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Canada Launches Third Phase of CanCode to Help Youth Gain Coding and Digital Skills

Canada Launches Third Phase of CanCode to Help Youth Gain Coding and Digital Skills 

A Canadian workforce that is savvy in STEM, and capable of taking on challenges competing in the digital economy, is exactly what Canada needs. Thus, to prepare the next generation of Canadian workforce, millions of young Canadians are obtaining support from the Government of Canada to further improve their digital skills.

Recently, Minister of Innovation, Science and Industry, François-Philippe announced an $80 million federal investment in the third phase of a program called CanCode. This investment is in addition to the $60 million from 2019 and $50 million from 2017.

In Phase One, CanCode provided coding and digital skills training to 1.9 million Canadian students and 96,000 teachers and more than 2 million training opportunities in Phase Two. In the third phase, CanCode seeks to provide an additional 3 million training opportunities.

CanCode 3.0 is designed to give opportunities to learn in-demand digital skills for students from kindergarten to grade 12, to further help them prepare for future jobs. The program is also focused on providing 120,000 teachers with training opportunities that enable them to incorporate new digital skills and technologies in the classrooms.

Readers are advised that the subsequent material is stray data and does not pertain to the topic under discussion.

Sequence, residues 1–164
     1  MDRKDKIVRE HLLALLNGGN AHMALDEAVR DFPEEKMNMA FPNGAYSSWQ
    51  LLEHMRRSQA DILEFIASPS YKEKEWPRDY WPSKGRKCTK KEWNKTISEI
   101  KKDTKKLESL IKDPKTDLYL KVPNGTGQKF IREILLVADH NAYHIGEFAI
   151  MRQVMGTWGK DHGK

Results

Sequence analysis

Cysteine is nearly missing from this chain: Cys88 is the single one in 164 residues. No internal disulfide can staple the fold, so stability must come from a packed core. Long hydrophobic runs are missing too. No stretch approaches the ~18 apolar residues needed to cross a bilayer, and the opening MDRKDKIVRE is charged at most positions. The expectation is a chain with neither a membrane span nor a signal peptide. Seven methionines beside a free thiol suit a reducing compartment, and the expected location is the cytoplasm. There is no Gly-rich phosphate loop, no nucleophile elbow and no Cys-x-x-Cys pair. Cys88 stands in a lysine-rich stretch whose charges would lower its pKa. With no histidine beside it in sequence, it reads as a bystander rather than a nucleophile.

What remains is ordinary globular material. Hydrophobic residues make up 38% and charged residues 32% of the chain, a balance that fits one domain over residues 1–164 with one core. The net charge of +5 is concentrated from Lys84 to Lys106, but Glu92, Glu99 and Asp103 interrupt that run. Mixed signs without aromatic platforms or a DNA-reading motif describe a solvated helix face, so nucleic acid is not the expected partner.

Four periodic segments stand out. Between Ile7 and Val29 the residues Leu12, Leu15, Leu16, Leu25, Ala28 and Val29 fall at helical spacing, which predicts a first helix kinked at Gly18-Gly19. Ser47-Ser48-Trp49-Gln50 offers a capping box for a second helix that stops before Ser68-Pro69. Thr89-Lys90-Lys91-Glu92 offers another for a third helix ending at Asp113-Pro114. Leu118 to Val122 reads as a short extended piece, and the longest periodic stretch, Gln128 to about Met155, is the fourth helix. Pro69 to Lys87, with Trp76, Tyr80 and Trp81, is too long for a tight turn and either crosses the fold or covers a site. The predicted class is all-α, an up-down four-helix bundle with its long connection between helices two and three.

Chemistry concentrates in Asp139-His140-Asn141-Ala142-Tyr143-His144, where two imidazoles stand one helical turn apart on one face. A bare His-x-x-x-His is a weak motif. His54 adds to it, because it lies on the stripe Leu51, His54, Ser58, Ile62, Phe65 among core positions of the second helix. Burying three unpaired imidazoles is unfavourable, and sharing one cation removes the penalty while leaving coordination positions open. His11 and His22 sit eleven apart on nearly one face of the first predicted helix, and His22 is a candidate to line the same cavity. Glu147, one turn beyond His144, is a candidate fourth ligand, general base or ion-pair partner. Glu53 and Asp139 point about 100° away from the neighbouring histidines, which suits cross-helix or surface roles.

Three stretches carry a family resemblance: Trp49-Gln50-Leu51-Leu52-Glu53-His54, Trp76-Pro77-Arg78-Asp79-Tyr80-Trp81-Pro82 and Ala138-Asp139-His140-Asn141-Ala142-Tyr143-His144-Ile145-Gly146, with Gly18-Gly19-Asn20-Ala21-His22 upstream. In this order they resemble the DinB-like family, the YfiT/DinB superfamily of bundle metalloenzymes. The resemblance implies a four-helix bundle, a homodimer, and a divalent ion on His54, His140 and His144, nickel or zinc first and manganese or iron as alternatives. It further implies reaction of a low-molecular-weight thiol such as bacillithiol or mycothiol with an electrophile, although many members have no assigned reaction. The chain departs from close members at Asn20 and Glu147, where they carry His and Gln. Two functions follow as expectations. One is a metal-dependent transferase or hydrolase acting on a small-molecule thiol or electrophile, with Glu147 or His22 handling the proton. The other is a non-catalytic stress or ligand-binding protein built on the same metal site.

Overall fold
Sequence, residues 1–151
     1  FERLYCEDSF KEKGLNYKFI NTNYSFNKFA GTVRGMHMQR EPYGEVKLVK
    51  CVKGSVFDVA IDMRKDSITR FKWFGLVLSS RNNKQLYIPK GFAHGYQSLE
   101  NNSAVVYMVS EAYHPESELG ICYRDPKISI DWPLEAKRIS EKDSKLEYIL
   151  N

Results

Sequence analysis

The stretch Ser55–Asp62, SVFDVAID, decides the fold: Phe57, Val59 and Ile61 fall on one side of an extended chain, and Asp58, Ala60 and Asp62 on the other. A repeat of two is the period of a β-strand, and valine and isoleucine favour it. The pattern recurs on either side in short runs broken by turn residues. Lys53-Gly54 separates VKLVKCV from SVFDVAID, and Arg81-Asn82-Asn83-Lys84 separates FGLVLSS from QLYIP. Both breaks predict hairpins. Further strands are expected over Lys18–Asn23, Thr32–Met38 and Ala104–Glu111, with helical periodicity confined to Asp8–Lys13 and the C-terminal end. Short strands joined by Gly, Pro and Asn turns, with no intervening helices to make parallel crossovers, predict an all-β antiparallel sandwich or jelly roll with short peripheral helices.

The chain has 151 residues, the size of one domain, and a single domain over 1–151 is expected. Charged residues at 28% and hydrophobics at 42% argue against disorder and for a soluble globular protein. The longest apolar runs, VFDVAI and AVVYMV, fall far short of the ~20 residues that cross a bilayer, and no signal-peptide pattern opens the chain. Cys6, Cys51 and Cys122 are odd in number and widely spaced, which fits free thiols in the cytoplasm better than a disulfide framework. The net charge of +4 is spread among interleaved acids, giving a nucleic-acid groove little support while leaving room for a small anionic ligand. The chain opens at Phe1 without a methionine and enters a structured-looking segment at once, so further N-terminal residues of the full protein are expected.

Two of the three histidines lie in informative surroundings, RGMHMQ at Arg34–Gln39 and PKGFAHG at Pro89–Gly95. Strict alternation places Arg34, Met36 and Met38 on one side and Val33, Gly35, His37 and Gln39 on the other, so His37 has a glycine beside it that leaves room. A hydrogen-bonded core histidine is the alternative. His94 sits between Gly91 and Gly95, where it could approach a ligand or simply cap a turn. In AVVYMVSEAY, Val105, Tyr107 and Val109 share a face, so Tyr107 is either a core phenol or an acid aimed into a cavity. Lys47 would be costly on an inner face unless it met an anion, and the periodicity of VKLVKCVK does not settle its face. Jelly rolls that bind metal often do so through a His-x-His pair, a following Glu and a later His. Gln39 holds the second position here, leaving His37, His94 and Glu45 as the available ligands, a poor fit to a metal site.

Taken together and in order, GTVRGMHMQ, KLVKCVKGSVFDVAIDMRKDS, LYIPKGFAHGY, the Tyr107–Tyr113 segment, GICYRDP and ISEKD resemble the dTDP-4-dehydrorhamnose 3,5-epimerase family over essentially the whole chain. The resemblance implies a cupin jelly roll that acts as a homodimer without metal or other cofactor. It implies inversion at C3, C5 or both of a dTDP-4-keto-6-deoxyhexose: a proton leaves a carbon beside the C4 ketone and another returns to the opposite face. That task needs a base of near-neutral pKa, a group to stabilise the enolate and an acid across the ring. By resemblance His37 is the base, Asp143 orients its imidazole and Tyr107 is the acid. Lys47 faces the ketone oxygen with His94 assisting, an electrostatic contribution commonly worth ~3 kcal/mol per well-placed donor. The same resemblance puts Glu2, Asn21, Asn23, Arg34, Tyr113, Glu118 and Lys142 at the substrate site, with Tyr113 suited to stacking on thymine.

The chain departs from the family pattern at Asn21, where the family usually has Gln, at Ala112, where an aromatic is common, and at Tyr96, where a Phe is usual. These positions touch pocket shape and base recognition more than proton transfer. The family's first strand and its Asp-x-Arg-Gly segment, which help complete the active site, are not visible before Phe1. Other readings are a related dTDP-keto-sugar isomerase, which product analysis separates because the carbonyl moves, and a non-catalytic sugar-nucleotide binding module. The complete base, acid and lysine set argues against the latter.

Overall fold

CanCode 3.0 builds on the success of the prior programs, CanCode 1.0 and 2.0. In 2017, CanCode was a part of an Innovation and Skills Plan, used as a multi-year strategy to create well-paying jobs for the middle class. The goal is to create a strong, more robust Canada by providing the youth with a helping hand towards future employment. Primarily focusing on giving opportunities to those who have been less fortunate.

“By investing to help young people gain the coding and digital skills needed to succeed in our 21st-century economy, we are preparing them for the jobs of tomorrow,” said François-Philippe Champagne. “These short-term strategic solutions will help youth not only transition successfully from classrooms to research labs but also drive our economic success for years to come.”

By reaching out to the youth and providing digital training in a group setting, CanCode seeks to accommodate various learning styles. Additionally, CanCode is focusing on stimulating and sustaining interest in the STEM fields, as well as appealing to a wide range of young people. An all-around approach to digital skills training for the youth and teachers will further contribute to reaching various digital technology sectors in the future. This third phase of CanCode will provide more in-depth training, particularly helping those who’ve had more lemons than lemonade in life.

CanCode aligns with Canada’s Digital Charter, a principles-based approach to establishing trust in the digital world. The first principle of this Charter is to ensure all Canadians have one and the same opportunities to participate in the digital world. This means giving the necessary tools to do so, including access, connectivity, literacy, and skills.

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